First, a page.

On Sunday, March 24, 2013 from 5 p.m. to 7:30 p.m., Lambda Legal presents its 10th Annual Reception at the Bonnet House Museum & Gardens in Fort Lauderdale.
Lambda Legal, a national nonprofit organization, works to secure the civil rights of LGBT individuals and people with HIV. Since 1973, they have pursued litigation, advocated nondiscriminatory public policies and supported educational efforts — all in the name of equality.
For those who may not be familiar with Lambda Legal, consider the following Lambda Legal cases in Florida — past and present.
A high school in Arcadia, Florida prohibited a student, Amber Hatcher, from participating in the National Day of Silence. The case is currently in litigation — Lambda Legal has sued the DeSoto County School Board, stating that the school has infringed upon Hatcher’s First Amendment rights.
In Orlando, a gay male couple was refused the services of a fertility clinic. The fertility clinic case is also still open — Lambda Legal has recorded a complaint with the Orlando Human Rights Board, and acted with the Food and Drug Administration to establish nondiscriminatory policies for fertility clinics.
At Jackson Memorial Hospital, a lesbian was not allowed at the bedside of her dying partner. The case with Jackson Memorial Hospital has been closed. But it continues to have an influential effect on the lives of LGBT families. Jeff Souva, National Events Director for Lambda Legal, refers to it as “Lambda Legal’s highest profile case in Florida during the last ten years.”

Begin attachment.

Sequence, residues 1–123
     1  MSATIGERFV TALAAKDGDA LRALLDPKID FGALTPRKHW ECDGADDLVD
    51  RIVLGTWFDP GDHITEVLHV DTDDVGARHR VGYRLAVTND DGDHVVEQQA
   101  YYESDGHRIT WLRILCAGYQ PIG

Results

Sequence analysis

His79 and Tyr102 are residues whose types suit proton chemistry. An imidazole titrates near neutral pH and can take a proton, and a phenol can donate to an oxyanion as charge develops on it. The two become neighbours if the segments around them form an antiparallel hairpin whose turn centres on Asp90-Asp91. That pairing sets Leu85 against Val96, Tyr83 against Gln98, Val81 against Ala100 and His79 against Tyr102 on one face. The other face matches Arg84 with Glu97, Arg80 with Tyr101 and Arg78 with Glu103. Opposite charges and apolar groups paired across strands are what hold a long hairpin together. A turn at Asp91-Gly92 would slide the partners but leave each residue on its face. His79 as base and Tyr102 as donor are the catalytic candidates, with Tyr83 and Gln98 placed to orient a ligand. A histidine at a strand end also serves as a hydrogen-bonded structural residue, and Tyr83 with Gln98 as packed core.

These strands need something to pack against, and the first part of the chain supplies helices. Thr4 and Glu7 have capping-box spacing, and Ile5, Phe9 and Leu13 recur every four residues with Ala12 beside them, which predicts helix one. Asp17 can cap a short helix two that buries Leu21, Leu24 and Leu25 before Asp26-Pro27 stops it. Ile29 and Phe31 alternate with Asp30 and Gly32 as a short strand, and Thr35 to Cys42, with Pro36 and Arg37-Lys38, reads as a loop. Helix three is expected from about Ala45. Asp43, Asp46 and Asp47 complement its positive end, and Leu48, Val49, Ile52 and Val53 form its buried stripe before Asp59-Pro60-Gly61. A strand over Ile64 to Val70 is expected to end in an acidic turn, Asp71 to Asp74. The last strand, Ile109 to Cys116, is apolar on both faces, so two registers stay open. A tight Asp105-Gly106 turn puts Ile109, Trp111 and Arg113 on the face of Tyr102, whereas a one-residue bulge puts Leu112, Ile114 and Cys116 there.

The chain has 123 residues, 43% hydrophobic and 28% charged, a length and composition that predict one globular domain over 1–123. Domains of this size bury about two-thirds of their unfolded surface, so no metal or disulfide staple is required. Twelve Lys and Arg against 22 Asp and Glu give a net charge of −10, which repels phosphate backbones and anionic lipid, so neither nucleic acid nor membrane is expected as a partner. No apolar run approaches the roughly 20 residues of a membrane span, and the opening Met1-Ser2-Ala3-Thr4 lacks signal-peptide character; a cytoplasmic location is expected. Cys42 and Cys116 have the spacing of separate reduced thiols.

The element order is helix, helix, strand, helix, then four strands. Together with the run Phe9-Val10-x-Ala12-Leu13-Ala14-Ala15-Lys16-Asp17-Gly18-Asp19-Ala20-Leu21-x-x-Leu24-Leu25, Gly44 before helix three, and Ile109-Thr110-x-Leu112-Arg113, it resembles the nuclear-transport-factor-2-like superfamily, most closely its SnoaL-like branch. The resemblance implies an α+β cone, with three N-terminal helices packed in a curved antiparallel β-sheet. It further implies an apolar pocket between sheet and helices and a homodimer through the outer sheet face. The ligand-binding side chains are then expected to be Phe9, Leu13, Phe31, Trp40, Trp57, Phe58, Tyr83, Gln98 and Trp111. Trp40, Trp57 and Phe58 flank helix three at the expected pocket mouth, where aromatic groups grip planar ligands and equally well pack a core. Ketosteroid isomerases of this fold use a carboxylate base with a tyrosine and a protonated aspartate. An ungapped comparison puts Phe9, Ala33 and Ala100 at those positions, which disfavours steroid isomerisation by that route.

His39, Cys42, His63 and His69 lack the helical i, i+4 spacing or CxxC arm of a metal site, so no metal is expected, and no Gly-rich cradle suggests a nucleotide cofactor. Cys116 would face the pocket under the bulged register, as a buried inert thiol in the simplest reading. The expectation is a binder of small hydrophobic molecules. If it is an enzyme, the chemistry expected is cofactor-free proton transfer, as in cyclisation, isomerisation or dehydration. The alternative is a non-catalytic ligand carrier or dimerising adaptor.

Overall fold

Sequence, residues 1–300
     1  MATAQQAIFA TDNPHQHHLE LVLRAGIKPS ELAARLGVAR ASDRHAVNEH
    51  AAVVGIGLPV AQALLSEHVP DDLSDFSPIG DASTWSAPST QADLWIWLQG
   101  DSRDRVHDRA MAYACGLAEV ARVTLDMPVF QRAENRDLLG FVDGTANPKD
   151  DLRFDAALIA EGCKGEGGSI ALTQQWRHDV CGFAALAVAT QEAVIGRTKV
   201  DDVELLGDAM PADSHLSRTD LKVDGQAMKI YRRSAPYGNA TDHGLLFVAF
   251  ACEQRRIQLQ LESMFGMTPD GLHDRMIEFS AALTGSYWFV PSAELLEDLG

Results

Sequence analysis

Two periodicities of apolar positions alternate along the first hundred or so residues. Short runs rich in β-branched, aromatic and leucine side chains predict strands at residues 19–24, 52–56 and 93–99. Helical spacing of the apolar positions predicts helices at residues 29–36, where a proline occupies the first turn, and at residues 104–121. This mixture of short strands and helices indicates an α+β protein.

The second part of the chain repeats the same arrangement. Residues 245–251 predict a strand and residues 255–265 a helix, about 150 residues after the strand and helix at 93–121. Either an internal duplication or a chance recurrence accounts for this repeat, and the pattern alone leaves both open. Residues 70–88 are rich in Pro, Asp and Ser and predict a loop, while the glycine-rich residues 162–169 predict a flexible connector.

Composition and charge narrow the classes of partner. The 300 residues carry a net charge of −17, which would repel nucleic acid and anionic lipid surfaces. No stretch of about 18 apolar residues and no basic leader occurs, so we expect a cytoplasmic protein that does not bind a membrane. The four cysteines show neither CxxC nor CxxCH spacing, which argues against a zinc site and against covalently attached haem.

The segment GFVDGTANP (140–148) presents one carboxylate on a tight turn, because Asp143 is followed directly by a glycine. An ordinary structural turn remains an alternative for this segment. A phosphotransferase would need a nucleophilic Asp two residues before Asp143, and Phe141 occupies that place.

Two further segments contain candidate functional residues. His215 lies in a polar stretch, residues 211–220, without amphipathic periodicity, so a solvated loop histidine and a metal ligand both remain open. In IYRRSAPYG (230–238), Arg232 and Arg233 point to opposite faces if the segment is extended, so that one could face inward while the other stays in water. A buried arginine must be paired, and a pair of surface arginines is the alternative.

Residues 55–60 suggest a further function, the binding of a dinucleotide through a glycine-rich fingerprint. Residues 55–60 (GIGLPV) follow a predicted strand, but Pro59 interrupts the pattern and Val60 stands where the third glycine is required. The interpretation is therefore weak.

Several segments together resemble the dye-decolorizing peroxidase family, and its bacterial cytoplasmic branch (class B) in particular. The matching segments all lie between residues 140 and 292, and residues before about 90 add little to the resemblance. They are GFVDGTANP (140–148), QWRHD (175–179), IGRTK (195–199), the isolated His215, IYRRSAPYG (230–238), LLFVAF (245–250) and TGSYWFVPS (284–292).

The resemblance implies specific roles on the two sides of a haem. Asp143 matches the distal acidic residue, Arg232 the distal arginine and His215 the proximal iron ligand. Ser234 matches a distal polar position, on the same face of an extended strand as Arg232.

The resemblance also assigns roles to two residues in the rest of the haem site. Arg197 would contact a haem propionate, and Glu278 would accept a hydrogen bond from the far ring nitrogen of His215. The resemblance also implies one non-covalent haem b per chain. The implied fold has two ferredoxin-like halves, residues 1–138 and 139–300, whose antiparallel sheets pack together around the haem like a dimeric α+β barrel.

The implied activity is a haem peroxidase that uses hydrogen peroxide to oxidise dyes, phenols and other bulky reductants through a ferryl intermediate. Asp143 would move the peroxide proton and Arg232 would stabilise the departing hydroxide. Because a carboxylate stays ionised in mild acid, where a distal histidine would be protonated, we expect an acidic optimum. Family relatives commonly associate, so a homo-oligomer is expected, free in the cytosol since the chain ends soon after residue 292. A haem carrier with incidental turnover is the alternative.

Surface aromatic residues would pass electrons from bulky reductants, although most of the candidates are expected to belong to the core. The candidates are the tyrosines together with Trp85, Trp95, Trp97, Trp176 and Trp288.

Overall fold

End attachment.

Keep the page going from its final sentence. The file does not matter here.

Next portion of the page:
In June 2008, Lambda Legal filed a lawsuit on behalf of Janice Langbehn. Jackson Memorial Hospital had prevented Langbehn from visiting her dying partner Lisa Pond. Their adopted children were also refused visitation rights.
Although the lawsuit was dismissed, the case led the way to President Obama’s decision to advocate for new federal regulations about hospital visitation rights related to LGBT families.
In January 2011, the regulations were enacted. In October 2011, Langbehn was honored with the Presidential Citizens Medal.
These cases prove that Lambda Legal does more than provide a voice for the disenfranchised. Each case, each action also builds towards a larger movement of social change.
But as a nonprofit, their work cannot be completed without support.
For ten years, the Fort Lauderdale Reception has benefited Lambda Legal’s efforts.
“The first annual Lambda Legal in Fort Lauderdale event was held at the home of Tony Timiraos and Arthur Crispino,” said Souva. “The event has grown from a small cocktail reception in Tony and Arthur's home to one of Lambda Legal's largest events in the nation.”
According to Souva, each year more than four hundred guests attend the reception with over $300,000 being raised for Lambda Legal.
The Fort Lauderdale Reception features guest speaker Debbie Harris, a Lambda Legal client, and honoree Mark Ketcham, executive director of SunServe, a social service and mental health agency in Wilton Manors.
In 2013, Lambda Legal commemorates its 40th anniversary.
Yet the work of the past ten years—the attainment of hospital visitation rights, the ongoing visibility of the Amber Hatcher case—indicate how much Florida can contribute to this national effort towards equal rights for LGBT individuals and people with HIV.
“We thank the Fort Lauderdale community for ten years of friendship and support,” said Souva.
If you go to the 10th Annual Fort Lauderdale Reception for Lambda Legal:
Sunday, March 24, 2013
5 p.m. to 7:30 p.m
Bonnet House Museum & Gardens
900 North Birch Road
Fort Lauderdale, FL
$150 General Admission
Cocktail & hors d’oeuvres reception
For tickets, visit lambdalegal.org